Netanyahu plans for campaign offensive further mires Yamina
Former Israeli occupation Prime Minister Benjamin Netanyahu has plans to batter the Yamina party during the upcoming electoral campaigns, fearing they might outsize him via a coalition.
New Israeli Yamina party leader Ayelet Shaked is facing ever-mounting problems within the Israeli occupation, as "opposition" leader and former Prime Minister Benjamin Netanyahu is making plans to further damage the party amid reports that one of its seven remaining Knesset members could defect to form his own party.
Shaked only became the Yamina party leader last week after her predecessor, Naftali Bennett, quit his post as Prime Minister following what practically was the dissolution of his coalition.
Bennett announced to lawmakers from his Yamina party "his intention not to stand at the next elections," his spokesperson told the media, as Israeli Knesset members prepared to vote to dissolve "Israel's" current legislature, paving the way for national elections later this year.
Abir Kara, one of the party's remaining three members besides Shaked, is considering starting a new political party, and the announcement is set to take place if he believes that Yamina hit a dead end, Israeli Channel 12 reported.
Bennett handed over the reins of his party to Shaked, the occupation's Interior Minister, while he gave his premiership to Foreign Minister Yair Lapid as part of their coalition agreement.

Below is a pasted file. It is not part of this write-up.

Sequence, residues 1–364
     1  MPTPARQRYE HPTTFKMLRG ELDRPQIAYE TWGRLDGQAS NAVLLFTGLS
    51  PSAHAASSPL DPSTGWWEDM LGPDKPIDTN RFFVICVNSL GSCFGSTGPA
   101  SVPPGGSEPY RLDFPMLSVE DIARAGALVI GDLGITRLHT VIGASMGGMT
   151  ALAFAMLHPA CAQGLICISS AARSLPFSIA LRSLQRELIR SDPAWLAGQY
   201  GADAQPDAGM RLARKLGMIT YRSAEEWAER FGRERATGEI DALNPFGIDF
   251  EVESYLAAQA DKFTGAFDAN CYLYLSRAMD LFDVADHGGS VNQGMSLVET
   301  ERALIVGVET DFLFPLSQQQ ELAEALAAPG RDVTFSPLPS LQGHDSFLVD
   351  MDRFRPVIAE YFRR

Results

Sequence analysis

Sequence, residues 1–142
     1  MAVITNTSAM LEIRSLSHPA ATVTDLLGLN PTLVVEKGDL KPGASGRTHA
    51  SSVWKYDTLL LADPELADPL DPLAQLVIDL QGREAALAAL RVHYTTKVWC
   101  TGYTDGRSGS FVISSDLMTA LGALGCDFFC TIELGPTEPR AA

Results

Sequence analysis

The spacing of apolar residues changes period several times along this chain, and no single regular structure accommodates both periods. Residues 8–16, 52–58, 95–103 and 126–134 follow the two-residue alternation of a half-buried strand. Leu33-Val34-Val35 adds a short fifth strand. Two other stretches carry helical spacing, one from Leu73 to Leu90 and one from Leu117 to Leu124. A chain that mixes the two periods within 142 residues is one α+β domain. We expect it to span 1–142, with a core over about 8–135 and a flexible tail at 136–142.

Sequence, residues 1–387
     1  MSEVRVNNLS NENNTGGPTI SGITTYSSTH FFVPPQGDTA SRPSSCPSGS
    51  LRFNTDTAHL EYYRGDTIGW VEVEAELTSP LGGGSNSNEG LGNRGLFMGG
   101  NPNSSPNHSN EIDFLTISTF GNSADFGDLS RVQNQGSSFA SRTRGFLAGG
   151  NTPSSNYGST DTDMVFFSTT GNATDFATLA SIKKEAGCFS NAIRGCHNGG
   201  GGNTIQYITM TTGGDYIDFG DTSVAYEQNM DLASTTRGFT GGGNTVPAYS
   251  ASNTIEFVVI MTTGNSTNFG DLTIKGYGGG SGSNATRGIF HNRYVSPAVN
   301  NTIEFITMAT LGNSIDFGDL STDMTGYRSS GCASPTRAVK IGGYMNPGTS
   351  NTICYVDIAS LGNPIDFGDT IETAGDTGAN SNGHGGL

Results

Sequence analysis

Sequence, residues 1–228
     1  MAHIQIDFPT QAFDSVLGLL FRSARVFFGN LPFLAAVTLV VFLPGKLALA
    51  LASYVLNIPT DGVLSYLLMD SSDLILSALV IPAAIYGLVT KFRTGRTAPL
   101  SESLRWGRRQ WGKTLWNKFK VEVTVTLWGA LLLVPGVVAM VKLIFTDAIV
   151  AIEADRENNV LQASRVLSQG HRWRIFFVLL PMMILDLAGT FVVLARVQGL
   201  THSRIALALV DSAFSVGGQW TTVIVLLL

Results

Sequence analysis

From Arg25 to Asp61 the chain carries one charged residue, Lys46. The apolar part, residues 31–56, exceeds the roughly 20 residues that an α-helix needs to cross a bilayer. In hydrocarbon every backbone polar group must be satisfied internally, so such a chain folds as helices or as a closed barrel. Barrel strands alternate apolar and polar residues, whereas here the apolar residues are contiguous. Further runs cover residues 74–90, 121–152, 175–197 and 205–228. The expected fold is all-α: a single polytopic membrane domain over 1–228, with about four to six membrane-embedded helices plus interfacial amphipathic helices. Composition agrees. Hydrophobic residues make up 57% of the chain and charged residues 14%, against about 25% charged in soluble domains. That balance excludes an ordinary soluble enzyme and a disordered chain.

Yamina's time spent in power was not the greatest for the party, as its right-wing base was not happy with its siding with the Israeli "left" and the Ra'am faction, which culminated in three of its seven MKs quitting the coalition.
The decline in popularity among the illegal Israeli settlers has driven Yamina to the ground, with recent polls showing that it is incredibly close to or below the electoral threshold needed to make it into the Knesset in any election that occurs anytime soon.
Netanyahu, based on the information available, does not believe that Shaked's party will make it into the Knesset, planning on heavily targeting the party during the election campaign, and if Yamina somehow makes it into the occupation's parliament, then the former PM will decide on how to handle the party.
With his MKs believing that he is driven by a personal vendetta, Netanyahu reportedly fears that Yamina will be able to secure a sizeable number of chairs in the Knesset via a coalition.
In order to lead the Israeli government, a party has to win a majority of 61 seats in the Knesset. If this was not achieved, the party with the most seats has to negotiate alliances with other parties to form a coalition.
Netanyahu has pledged that his alliance of right-wingers, ultra-nationalists, and ultra-Orthodox Jewish parties will win the upcoming vote, but polls show that he may also struggle to rally a parliamentary majority.
Channel 12 said Shaked was unlikely to withdraw from the race due to unfavorable polls or other factors, deciding to run to the end.
After dissolving the Knesset last week, the 24th Israeli parliament voted 92-0 to hold the next election on November 1.
In the same context, CNBC correspondent Natasha Turak said the upcoming election’s outcome "will determine future relations with Palestinians and Arab states, the Biden administration, dealing with record-high inflation," as well as the Israeli occupation's so-called security.